• You will learn about systems mapping and why it is important for Delivering The Good Life.
  • You will explore and reflect on how systems mapping is a very helpful tool for Delivering The Good Life.
  • You will identify actions you can take to use systems mapping to Deliver The Good Life.
  • You will go through an exercise where you’ll generate your own systems map for Delivering The Good Life.


This mini-course contains three readings and one video followed by “Questions for reflection” and “Taking action: How might you use what you learn?”  The questions and actions will help you embed what you’ve learned as well as make it personally real and relevant. At the end of the course you’ll find a “TRY THIS” section with an exercise you can use to help you practice what you’ve learned.

The activities are intended to be done in the order presented. There are no grades or credits for the course—and no pressure!  This course is designed for your personal and professional development, and to help you Deliver the Good Life.

If you’re interested in digging deeper or are seeking credit, please contact Denise DeLuca, Director of MCAD’s MA in Sustainable Design program.


Curt McNamara
Adjunct Faculty, MCAD’s MA in Sustainable Design program

Curt McNamara (PEng) is an educator and practicing designer with over 20 years experience. He is a scholar of R. Buckminster Fuller and authored the entry on Fuller in the UNESCO Encyclopedia of Life Support Systems. McNamara received the IEEE Millennium Medal in 2000 for his ongoing work in education, is a Biomimicry Education Fellow, and wrote the Systems Chapters in Sustainable Graphic Design (Wiley) and Packaging Sustainability (Wiley). McNamara is based in Minnesota.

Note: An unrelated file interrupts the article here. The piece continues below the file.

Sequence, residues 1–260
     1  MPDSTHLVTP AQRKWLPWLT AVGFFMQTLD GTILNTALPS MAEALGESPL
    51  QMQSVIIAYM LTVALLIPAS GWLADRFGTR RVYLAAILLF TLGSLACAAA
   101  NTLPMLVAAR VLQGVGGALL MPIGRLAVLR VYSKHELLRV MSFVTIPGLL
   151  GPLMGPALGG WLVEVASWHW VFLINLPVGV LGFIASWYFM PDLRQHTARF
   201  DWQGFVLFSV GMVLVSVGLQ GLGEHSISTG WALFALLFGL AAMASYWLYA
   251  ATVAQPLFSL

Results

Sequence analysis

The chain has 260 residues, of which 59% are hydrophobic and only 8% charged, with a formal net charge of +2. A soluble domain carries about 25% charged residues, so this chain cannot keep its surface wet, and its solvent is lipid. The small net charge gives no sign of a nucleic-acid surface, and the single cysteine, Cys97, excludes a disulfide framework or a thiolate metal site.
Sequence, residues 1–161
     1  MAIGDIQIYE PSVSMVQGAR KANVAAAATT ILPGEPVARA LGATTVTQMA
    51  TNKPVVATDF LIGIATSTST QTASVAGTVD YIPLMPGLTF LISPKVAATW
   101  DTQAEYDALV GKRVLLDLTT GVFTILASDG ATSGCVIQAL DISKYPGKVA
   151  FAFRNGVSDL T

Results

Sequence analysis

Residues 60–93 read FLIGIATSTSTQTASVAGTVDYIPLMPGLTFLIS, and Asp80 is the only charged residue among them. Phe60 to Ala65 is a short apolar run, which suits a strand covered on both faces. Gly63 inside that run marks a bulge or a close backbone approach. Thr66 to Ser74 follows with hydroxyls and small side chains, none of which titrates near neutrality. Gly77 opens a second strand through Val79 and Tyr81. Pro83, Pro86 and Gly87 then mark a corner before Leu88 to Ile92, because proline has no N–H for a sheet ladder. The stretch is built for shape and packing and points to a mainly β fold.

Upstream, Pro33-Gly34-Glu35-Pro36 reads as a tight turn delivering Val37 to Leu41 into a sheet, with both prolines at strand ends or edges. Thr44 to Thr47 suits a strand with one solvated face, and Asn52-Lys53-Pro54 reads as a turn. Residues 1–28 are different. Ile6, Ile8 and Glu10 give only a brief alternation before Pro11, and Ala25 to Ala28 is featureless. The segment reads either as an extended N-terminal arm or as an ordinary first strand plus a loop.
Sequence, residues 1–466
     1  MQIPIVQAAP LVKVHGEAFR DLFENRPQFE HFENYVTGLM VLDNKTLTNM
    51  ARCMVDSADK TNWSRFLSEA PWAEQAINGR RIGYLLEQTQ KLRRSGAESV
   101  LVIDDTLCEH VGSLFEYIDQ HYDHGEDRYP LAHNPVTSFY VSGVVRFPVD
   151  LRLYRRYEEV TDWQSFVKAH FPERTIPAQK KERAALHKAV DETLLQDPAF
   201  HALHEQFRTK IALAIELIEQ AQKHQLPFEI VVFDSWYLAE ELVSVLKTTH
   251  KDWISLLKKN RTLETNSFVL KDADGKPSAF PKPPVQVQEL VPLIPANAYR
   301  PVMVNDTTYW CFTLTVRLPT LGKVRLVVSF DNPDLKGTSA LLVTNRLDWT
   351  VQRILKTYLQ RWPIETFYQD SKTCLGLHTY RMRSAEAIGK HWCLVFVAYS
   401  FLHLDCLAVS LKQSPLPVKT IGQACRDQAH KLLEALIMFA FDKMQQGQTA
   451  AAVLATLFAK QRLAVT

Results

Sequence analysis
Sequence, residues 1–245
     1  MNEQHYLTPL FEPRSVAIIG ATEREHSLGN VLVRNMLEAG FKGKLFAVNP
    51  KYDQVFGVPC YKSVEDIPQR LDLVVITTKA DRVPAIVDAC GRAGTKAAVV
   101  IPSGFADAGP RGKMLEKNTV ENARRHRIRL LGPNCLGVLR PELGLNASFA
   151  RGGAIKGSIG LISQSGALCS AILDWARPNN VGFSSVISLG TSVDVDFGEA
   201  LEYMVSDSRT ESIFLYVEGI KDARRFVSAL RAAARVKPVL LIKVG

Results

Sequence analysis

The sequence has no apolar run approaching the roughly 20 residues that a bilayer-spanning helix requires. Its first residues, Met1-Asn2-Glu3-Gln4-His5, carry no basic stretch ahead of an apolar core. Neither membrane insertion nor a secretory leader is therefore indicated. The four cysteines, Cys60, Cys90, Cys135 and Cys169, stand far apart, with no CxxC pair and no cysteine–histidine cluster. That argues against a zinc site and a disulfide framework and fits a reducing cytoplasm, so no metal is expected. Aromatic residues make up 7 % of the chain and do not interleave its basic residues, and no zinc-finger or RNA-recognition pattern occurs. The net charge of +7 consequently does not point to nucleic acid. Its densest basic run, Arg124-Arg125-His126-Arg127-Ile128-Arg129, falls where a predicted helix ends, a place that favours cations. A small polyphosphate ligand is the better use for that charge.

You can access the first three mini-course in the series here:

Empathic Action for Delivering the Good Life
Whole System Thinking for Delivering the Good Life

Using Biomimicry for Delivering the Good Life

Faculty and alumni of our MA in Sustainable Design program will be leading a set of Innovation Labs at SB’19. We hope to see some of you there!

To learn more about this course or our fully online MA in Sustainable Design, contact Denise DeLuca, program Director.

Denise DeLuca / Director

Denise DeLuca is the Director of MCAD’s Sustainable Design program. She was co-founder of BCI: Biomimicry Creative for Innovation, a network of creative professional change agents driving ecological thinking for radical transformation. Denise is author of the book Re-Aligning with Nature: Ecological Thinking for Radical Transformation, which was illustrated by MASD alum Stephanie Koehler. She also teaches with the Amani Institute.

Denise’s previous roles include Education Director for the International Living Future Institute, Project Manager for Swedish Biomimetics 3000, and Outreach Director for The Biomimicry Institute. Denise is a licensed civil engineer (PE) and holds a master’s degree in civil and environmental engineering with a focus on modeling landscape-scale surface and groundwater interactions.  In addition, Denise is a Biomimicry Fellow and a member of the Advisory Council of The Biomimicry InstituteBoard Member of the International Society of Sustainability Professionals (ISSP), on the editorial board of the Journal of Bionic Engineering, and an Expert with Katerva. Denise is based in Oregon.

contact:  [email protected]